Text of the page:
The chairman of the Zimbabwe Cricket Union, Peter Chingoka, was among the early arrivals at the meeting but made no comment. An ICC official said a press conference was scheduled for Tuesday evening to announce their decisions.
Following British Government pressure to call off October's tour in protest at Zimbabwe President Robert Mugabe's policies, the England and Wales Cricket Board (ECB) produced a report in January saying moral concerns could form the basis for a withdrawal.
But the Government has stopped short of ordering the ECB to cancel the tour. Under ICC rules, barring a Government ban, the only other way for the ECB to withdraw without paying compensation is on security grounds.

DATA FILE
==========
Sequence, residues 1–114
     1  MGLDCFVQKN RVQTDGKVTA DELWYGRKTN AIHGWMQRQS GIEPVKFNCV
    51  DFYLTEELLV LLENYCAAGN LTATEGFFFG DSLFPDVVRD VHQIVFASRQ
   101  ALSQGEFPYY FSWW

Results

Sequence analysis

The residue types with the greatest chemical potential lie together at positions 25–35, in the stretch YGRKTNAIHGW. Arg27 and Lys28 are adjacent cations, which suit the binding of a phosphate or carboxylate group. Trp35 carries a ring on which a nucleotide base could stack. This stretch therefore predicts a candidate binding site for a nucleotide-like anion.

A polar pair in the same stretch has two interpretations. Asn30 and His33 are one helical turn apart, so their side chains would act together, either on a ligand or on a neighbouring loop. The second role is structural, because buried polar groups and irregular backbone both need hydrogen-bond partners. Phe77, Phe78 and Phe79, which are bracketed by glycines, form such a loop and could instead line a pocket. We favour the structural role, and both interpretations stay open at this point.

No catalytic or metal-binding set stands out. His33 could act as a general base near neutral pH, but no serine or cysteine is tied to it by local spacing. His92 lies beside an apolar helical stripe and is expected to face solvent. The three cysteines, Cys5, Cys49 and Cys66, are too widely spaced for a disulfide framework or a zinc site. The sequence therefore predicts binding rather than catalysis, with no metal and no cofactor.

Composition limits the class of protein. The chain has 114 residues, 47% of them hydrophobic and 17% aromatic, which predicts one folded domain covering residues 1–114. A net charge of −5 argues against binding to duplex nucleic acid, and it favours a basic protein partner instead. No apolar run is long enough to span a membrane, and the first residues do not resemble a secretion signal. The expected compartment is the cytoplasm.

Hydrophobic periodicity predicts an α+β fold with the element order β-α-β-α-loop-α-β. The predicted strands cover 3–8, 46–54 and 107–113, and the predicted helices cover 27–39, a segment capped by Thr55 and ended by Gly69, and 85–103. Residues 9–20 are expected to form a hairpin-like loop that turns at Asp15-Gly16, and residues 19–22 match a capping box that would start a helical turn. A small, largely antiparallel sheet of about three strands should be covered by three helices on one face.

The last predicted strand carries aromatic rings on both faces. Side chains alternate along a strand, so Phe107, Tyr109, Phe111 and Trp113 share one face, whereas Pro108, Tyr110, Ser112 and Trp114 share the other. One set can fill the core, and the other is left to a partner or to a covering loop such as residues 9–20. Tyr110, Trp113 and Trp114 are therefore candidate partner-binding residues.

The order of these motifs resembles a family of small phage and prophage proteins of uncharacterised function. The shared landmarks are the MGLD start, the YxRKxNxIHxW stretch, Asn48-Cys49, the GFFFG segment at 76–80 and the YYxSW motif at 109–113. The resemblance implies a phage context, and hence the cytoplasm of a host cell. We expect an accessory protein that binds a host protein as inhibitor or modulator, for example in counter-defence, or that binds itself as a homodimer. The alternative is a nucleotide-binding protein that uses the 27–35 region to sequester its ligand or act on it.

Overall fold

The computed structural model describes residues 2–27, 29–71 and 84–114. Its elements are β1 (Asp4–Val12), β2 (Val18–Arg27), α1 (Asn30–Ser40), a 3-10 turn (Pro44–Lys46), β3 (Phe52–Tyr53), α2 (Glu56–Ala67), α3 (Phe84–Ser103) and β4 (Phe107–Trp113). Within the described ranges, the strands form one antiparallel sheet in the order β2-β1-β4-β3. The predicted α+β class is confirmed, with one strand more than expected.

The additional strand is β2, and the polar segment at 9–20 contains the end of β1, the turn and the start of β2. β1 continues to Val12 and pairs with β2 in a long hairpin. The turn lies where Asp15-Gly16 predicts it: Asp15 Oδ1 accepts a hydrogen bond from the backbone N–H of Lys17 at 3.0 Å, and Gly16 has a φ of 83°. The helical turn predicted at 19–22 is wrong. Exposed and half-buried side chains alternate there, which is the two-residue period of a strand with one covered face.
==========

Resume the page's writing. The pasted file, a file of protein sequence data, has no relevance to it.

England agreed in March last year to tour Zimbabwe in return for Zimbabwe touring England in 2003, having controversially withdrawn from a World Cup match in Harare on security grounds a month earlier.
ECB chairman David Morgan, who has been accused of going back on his word by Chingoka, faces a hard task in trying to persuade fellow ICC Board members to reverse their policy.
And if England do pull out of Zimbabwe they could consequently lose their lucrative role as hosts of September's ICC Champions Trophy One-day tournament, a mini World Cup, and the three warm-up matches with India that accompany it.
ECB chief executive Tim Lamb told Thursday's edition of the British newspaper the Daily Telegraph that being stripped of host status could mean a loss of between "four and five million pounds (seven to nine million US dollars) income we could not afford to lose."
England's Zim tour tops ICC agenda